Department of Numismatics and Monetary History
The Department of Numismatics and Monetary History at the University of Vienna is the only autonomous university department of this orientation in Europe. At the same time, it is the only place where it is possible to study the subject of numismatics and monetary history in its full methodological and technical variety, covering all eras from antiquity to the modern period. Due to its expertise on coins, medals, monetary symbols and monetary equivalents covering all periods and cultures, as well as the associated political, economic, social and cultural questions, the field of numismatics and monetary history is firmly established in numerous key research areas of the Faculty. Furthermore, it significantly contributes to the basic research profile of the University of Vienna, especially in the fields of classical studies and medieval research. The range of courses extends from extension curricula for students in bachelor’s programmes to a doctoral programme in numismatics. The Department offers around 30 hours of numismatic teaching per week, and provides various networking opportunities, as well as useful complimentary courses for almost all degree programmes.
Through its extensive study collection, specialised library, catalogue collection and the “Numismatische Zentralkartei” (NZK, numismatic central catalogue) – including around 1.5 million coins documented in photographs - the Department offers working opportunities that are unique in the world and that international academics regularly make use of. The Department has an extensive national and international network with all institutions working in the field of numismatics – not least through its graduates. In many ways, the Department’s influence extends beyond the University and academia. The Department regularly offers summer schools that are targeted at international early stage researchers.
The Department’s collection traces back to the numismatic reference collection (“Numismatischer Lehrapparat”) at the University of Vienna, which was started in 1898 on the initiative of Wilhelm Kubitschek (1858–1936), who was Professor of Antiquity Studies. It numbers more than 30,000 objects, excluding castings, such as plaster casts.
The collection encompasses coins spanning ancient to modern times, medals and related objects, as well as different special collections. Coins from the Middle Ages and the modern period as well as medals have been added to the collection not before the second half of the 20th century.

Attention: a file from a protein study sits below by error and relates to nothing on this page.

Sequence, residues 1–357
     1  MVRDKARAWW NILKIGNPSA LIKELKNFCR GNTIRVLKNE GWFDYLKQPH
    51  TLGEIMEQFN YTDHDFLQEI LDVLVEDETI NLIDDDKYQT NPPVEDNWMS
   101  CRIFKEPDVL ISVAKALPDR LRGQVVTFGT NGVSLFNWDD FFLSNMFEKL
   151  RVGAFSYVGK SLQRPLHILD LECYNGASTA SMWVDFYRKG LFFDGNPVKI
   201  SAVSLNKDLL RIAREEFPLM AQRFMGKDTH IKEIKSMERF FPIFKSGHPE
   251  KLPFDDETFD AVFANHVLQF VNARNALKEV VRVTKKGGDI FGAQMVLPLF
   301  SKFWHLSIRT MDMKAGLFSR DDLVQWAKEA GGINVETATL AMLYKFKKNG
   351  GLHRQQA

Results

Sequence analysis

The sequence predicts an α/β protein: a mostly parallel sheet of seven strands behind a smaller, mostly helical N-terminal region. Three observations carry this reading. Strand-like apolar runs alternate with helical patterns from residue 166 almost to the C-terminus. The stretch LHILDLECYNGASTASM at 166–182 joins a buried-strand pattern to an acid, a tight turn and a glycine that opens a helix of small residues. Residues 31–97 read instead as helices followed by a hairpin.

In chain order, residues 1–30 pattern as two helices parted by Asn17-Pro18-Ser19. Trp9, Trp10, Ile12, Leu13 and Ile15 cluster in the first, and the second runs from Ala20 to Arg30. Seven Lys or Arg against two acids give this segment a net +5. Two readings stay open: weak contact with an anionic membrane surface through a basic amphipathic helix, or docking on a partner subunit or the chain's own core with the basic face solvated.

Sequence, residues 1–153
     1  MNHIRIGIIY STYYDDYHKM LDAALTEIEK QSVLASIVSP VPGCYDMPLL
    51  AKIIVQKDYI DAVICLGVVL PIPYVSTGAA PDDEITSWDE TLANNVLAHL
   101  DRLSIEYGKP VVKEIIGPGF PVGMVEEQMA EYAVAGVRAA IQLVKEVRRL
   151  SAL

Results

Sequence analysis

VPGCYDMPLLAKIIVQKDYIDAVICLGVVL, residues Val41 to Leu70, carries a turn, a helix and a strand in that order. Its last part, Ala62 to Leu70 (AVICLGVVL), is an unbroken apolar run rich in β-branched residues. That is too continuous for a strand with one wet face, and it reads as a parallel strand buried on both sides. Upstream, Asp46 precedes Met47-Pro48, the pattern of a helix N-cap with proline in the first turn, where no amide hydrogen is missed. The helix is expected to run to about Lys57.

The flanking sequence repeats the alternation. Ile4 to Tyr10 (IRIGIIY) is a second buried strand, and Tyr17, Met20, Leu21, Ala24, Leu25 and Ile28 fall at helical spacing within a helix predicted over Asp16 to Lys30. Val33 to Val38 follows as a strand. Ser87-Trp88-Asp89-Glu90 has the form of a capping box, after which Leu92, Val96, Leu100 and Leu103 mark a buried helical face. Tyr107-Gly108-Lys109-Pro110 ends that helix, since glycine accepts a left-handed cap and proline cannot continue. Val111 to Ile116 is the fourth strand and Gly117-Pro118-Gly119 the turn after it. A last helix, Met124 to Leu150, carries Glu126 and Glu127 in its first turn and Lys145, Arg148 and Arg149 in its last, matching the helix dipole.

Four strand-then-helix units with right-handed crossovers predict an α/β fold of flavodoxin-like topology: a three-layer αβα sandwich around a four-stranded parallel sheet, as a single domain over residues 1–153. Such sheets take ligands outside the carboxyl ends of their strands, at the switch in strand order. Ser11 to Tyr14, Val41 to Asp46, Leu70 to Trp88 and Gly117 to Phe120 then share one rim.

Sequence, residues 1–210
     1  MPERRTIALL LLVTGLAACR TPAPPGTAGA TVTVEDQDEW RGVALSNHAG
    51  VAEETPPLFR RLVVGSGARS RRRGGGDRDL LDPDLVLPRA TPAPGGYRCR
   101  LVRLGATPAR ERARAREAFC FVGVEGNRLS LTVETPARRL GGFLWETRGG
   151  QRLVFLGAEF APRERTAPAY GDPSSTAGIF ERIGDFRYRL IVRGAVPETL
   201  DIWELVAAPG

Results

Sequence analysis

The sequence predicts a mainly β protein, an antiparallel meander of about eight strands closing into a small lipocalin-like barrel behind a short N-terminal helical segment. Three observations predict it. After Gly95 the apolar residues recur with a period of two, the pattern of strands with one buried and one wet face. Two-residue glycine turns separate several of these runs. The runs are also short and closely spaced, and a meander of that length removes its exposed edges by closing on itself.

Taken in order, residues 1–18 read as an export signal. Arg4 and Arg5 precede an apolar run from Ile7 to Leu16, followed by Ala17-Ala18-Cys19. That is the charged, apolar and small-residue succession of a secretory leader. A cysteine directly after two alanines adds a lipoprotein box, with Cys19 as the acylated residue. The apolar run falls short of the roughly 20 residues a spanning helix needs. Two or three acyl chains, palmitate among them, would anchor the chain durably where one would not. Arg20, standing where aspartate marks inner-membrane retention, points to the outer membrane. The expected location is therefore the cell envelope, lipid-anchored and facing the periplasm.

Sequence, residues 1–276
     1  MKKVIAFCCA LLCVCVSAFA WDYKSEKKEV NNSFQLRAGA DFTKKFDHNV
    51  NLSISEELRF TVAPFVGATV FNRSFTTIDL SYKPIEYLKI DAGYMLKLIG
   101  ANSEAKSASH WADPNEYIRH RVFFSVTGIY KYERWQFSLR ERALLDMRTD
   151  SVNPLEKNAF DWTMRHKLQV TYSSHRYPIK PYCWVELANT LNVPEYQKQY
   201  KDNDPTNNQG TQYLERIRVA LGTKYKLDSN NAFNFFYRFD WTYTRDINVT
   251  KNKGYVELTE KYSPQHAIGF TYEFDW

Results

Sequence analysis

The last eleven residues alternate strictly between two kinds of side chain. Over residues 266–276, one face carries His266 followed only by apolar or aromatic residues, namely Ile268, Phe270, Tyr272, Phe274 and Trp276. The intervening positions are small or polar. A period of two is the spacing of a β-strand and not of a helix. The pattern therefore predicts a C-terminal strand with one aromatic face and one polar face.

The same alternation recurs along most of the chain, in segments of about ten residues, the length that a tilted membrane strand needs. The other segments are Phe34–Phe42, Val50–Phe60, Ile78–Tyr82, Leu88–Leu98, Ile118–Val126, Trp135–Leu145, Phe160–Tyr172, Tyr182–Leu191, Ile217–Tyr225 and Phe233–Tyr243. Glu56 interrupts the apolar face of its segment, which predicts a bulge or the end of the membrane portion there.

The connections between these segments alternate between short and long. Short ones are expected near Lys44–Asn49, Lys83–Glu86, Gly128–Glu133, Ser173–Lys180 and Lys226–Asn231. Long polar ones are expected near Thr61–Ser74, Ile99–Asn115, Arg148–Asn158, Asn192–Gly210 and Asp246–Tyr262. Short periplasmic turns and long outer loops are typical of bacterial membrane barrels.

Due to the history of the collection, the general collection is particularly rich in objects from antiquity with particular emphasis on non-ferrous metal coins excluding precious metals. The collection only contains a small number of coins from the Middle Ages. With regard to modern coinage, the period from the modern age until the present day is strongly represented.
Apart from a small number of older objects, the primary focus of the paper money collection is on the 20th century. The substantial collection of Austrian paper Notgeld notes (necessity money) from the period after World War I is complemented by a large collection of Bavarian paper Notgeld notes.
Medals (mainly from the 19th and 20th centuries), token coins and jetons are some of the youngest objects in the collection. In addition, the collection comprises seals, coin weights, coin dies as well an extensive collection of modern counterfeits.
Our most important special collection is the collection assembled by Josef Brettauer (1835-1905), an ophthalmologist who lived in Trieste. It was donated to the University of Vienna after Brettauer’s death. The Brettauer collection comprises almost 7,000 objects on the topic Medicina in Nummis. The collection also includes ancient coins with depictions of Salus, but it primarily comprises medals from the Renaissance period until 1905. Its high level of completeness with regard to this period is a special characteristic of the Brettauer collection. Moreover, most medals are in mint condition.
Further special collections include plaster casts and other castings of coins, for example from the estates of Andreas Alföldi (1895–1081), Rudolf Paulsen (1883–1966) and Friedrich Stefan (1886–1962).
The Digital Coin Cabinet of Department of Numismatics and Monetary History
Project management: Reinhard Wolters, Hubert Emmerig
Editorial: Hubert Emmerig, Martin Baer
Programming: Jürgen Freundel, Ilmenau
Academic Staff and responsibilities
Martin Baer, Hubert Emmerig, Simone Killen
With collaboration of Agnes Aspetsberger, Mika Boros, Johannes Hartner and many others (cf. Mitteilungsblatt des Instituts für Numismatik und Geldgeschichte).
See each object entry's print view for details.
Layout: Goldland Media
Maps: Goldland Media, Dr. Jürgen Freundel
This project is in cooperation with the Münzkabinett der Staatlichen Museen zu Berlin. The database and online catalogue are based on http://ikmk.smb.museum with shared data administration for the NUMiD-Project for the semantic web.